Primus Power
PS
Schneider Electric
Severn Water / Modern Water / Cymtox Limited
Silicon Labs
Syngenta Sensors UIC
Teledyne / Rockwell Scientific
Texas Instruments
Trophos Energy
University of California, Berkeley
University of Michigan
US Department of Energy's Advanced Research Projects
Vishay Precision Group
Zarlink Semiconductor AB


Report Methodology

This is the 583rd report in a series of market research reports that provide forecasts in communications, telecommunications, the internet, computer, software, and telephone equipment. The project leaders take direct responsibility for writing and preparing each report. They have significant experience preparing industry studies. Forecasts are based on primary research and proprietary data bases. Forecasts reflect analysis of the market trends in the segment and related segments. Unit and dollar shipments are analyzed through consideration of dollar volume of each market participation in the segment. Market share analysis includes conversations with key customers of products, industry segment leaders, marketing directors, distributors, leading market participants, and companies seeking to develop measurable market share. Over 200 in-depth interviews are conducted for each report with a broad range of key participants and opinion leaders in the market segment.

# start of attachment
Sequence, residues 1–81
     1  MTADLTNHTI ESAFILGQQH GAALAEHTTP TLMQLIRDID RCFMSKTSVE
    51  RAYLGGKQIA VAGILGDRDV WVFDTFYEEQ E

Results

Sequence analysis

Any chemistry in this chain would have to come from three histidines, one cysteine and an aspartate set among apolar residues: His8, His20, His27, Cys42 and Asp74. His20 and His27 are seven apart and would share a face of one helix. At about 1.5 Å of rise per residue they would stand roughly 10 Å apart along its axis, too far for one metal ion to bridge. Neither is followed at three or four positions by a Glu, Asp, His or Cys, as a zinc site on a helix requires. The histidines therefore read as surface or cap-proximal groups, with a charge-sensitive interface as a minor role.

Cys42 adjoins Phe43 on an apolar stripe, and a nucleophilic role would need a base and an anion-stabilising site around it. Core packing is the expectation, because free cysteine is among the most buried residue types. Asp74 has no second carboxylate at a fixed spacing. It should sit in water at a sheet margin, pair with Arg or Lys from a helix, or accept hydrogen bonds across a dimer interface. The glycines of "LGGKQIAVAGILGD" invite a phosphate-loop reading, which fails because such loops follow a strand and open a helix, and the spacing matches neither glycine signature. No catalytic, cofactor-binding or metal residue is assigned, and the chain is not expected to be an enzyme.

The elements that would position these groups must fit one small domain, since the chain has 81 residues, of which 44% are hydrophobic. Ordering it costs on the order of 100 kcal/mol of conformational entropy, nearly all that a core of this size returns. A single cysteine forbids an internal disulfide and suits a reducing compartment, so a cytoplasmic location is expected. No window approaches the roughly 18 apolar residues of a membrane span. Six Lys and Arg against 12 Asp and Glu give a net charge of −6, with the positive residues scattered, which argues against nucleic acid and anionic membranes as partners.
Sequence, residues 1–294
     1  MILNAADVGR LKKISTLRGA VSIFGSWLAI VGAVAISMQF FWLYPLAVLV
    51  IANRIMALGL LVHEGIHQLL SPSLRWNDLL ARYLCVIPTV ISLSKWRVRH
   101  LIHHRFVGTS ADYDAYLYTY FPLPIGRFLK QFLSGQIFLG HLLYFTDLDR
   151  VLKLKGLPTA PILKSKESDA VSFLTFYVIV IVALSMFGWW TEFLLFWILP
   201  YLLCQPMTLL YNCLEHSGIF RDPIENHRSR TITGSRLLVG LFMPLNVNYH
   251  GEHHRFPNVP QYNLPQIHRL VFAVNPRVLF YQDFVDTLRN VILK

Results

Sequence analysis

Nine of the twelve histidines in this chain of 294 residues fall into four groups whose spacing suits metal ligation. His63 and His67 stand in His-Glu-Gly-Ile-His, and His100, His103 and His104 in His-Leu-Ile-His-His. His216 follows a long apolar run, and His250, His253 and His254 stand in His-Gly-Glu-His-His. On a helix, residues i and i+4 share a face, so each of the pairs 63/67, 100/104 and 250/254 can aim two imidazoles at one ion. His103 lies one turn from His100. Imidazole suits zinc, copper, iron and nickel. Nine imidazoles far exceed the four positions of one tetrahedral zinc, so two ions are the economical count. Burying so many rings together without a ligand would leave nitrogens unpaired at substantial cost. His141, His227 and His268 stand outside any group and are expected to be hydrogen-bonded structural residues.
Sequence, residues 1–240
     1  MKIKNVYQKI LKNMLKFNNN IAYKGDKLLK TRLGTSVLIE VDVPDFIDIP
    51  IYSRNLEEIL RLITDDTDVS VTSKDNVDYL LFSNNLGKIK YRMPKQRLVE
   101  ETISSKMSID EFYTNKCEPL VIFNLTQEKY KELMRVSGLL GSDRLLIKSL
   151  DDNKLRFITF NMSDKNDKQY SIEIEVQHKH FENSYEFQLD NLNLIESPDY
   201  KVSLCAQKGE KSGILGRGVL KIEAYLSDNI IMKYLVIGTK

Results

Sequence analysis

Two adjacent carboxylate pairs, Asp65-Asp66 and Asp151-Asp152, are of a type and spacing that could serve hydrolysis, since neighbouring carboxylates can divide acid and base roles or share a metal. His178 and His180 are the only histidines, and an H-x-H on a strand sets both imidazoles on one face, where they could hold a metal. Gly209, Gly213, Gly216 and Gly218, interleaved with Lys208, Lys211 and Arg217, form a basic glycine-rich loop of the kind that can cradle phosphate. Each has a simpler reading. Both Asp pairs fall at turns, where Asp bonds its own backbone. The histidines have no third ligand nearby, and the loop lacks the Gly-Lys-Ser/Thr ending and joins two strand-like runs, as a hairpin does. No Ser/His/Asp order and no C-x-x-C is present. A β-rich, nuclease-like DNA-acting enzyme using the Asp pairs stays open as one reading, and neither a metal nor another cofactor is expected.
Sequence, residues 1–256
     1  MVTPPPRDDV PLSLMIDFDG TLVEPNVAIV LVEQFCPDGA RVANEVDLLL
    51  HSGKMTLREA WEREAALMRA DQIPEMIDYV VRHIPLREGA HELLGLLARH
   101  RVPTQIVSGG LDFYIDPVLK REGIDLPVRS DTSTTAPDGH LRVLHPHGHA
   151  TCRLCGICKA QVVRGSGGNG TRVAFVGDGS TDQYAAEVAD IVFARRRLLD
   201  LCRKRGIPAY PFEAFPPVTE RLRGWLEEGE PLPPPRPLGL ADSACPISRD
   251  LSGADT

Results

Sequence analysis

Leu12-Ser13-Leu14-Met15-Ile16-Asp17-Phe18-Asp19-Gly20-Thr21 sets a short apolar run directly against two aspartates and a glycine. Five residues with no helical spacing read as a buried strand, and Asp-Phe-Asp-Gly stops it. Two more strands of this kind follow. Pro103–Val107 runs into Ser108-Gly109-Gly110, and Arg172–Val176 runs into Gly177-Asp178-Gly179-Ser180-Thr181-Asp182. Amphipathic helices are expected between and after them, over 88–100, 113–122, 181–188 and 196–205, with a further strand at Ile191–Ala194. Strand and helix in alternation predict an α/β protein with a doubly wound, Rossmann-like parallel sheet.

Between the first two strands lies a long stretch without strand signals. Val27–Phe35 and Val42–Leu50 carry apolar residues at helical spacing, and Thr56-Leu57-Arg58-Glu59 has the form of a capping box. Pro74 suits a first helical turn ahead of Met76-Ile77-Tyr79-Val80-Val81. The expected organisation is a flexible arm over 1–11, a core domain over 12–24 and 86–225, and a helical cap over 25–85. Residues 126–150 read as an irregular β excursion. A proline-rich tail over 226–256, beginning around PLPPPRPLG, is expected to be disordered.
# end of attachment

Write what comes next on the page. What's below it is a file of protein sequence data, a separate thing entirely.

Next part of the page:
About the Company